One day, a group of residents at The Parc on Sharon Amity, a memory care facility, wandered into Camilla Carpenter’s office.
Carpenter, who teaches Zumba in her spare time, decided to play some of the Latin-beat music from her classes for them.
She was stunned by what happened.
“They come alive,” said Carpenter, resident care manager at The Parc.
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Residents with Alzheimer’s disease or dementia who usually didn’t speak or move around much would dance and sing to the music.
“I’ve literally had people put down a walker and shake,” Carpenter said.
She put down her phone and ran outside to her car, where she had a speaker in her trunk. She set it up in The Parc’s dining room and played the music more loudly.
She began doing Zumba with residents every Friday afternoon, and in 2014 she organized the first Zumbathon, a local fundraiser for the Western North Carolina Chapter of the Alzheimer’s Association.
This month, The Parc hosted the second annual Zumbathon, which raised hundreds of dollars for the Alzheimer’s Association chapter and brought together staff, families and residents from Meridian Senior Living’s Charlotte area facilities.
I’ve literally had people put down a walker and shake.
Carpenter was one of 10 area Zumba instructors who volunteered to lead the two-hour “Zumbathon To End Alzheimer’s” this month at Myers Park Baptist Church.
Some instructors had taught a Zumba class at their regular gym earlier that morning, then came straight to the Zumbathon, Carpenter said. Staff drove some residents to the events, and families and staff joined them for Zumba.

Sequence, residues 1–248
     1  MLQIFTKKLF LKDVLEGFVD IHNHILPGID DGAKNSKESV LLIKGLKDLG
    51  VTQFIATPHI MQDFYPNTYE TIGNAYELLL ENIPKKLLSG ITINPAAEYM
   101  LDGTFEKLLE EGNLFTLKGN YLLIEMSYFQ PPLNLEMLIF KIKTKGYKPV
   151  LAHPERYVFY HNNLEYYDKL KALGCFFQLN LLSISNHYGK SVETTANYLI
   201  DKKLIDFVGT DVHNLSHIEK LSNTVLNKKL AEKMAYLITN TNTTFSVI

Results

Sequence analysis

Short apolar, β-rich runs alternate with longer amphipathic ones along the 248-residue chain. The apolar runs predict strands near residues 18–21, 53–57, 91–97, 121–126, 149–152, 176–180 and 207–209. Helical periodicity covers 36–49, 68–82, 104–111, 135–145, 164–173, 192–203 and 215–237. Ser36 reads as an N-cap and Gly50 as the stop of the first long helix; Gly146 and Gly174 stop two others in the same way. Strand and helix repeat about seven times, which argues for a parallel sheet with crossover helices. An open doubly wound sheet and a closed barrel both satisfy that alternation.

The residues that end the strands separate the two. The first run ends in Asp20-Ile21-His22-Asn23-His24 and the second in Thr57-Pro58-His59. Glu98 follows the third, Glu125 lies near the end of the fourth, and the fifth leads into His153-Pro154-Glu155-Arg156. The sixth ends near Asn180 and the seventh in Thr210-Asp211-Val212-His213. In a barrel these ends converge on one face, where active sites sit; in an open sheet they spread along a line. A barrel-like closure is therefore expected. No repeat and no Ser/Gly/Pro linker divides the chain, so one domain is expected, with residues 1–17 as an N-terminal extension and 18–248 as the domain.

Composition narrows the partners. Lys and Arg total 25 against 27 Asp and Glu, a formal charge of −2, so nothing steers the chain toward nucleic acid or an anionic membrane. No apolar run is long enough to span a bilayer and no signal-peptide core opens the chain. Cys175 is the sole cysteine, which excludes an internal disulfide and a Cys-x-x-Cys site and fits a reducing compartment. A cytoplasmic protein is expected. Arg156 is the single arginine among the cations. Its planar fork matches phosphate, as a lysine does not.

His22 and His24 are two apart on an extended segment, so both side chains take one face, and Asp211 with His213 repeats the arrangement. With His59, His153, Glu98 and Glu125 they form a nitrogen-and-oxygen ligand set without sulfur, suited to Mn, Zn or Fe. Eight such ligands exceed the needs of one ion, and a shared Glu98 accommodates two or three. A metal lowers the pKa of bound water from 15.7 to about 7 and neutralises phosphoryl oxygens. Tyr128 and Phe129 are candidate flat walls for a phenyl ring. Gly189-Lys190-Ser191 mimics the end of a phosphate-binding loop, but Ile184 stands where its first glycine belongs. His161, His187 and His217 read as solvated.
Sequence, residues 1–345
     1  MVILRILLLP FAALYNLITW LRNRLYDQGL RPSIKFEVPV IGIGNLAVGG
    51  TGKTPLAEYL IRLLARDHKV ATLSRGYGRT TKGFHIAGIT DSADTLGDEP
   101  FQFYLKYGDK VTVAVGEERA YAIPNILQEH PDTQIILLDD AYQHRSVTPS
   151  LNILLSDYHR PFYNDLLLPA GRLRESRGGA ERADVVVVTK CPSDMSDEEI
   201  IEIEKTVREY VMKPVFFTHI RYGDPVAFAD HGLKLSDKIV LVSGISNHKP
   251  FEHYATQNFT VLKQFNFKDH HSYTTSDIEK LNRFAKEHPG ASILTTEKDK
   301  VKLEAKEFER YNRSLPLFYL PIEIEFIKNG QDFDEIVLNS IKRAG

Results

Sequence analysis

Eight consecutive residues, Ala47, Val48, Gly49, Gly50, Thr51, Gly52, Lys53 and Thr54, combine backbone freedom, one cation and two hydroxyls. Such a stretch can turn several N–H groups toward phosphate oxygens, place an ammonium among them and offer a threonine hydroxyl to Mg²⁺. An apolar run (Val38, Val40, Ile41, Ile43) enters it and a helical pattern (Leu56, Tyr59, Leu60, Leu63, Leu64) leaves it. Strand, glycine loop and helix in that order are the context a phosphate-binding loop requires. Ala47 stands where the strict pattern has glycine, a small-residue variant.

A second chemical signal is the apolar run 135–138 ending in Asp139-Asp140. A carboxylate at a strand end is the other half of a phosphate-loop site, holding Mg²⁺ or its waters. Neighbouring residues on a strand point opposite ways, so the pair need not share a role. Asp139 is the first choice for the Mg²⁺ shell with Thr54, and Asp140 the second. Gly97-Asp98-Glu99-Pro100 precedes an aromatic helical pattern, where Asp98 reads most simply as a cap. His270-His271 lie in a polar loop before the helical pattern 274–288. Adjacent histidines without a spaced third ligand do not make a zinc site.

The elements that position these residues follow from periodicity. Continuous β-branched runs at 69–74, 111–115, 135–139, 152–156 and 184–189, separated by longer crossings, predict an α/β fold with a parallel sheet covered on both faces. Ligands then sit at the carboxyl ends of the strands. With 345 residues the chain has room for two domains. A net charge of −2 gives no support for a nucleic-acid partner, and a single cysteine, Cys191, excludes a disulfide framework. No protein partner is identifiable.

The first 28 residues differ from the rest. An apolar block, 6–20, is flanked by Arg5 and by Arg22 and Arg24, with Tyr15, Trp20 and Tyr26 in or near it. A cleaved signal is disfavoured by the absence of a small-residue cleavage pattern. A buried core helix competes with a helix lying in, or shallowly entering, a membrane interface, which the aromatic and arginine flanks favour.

Almost all stayed for the entire two hours.
The Alzheimer’s Association chapter supports advocacy, awareness and research for Alzheimer’s disease and those affected by it.
The Parc focuses on residential memory care. The facility is locked to keep residents from wandering away, and the staff is trained to handle the unique challenges of people who have lost most or all of their memory.
Meridian Senior Living also operates Willow Ridge Memory Care on Milton Road and Lawyers Glen Retirement Center in Mint Hill. Coury O’Donoghue, regional business development director for Meridian Senior Living, said the three facilities have 134 memory care beds and almost always have a wait list.
“There’s more of a need than there is care available in a facility setting,” O’Donoghue said.
The facilities become home for residents, where staff help them with everything from getting dressed to feeding themselves, O’Donoghue said.
O’Donoghue said her company, which is based in Hickory, has a culture of supporting the Alzheimer’s Association through annual fundraisers. In Charlotte, the company has several memory care communities close together, and they decided to hold their own local fundraiser.
“We wanted to do something that we would be proud of, that would bring attention to the Alzheimer’s Association so that more people would find out what they are and what they do,” O’Donoghue said.
The staff already walked together, often with residents from their communities, in the annual walk to support the Alzheimer’s Association.
“It’s helps our staff remember that it’s not just us,” O’Donoghue said. “We’re part of a larger community of caregivers.”
Staff members see the ongoing challenges of Alzheimer’s and related diseases for patients and families, and they understand the importance of research for a cure or treatment. They also care deeply about the residents, Carpenter said.
“Trying to find a way to make them better is the ultimate goal,” she said.
Music, Carpenter said, triggers something in people who have Alzheimer’s disease and dementia. While many often can’t express much emotion, they smile, laugh and clap to music.
“They love every minute of it,” Carpenter said.
They respond, even when the music veers toward unfamiliar hip-hop.
“There’s just a difference. I don’t know if it’s the beat, the vibration, but I play it,” she said.
O’Donoghue said it was gratifying to make a contribution to research and feel like you’re making a difference.
“It’s kind of nice to put your (Alzheimer’s Association color) purple on and boogie down for a good cause,” O’Donoghue said.
Marty Minchin is a freelance writer: email@example.com.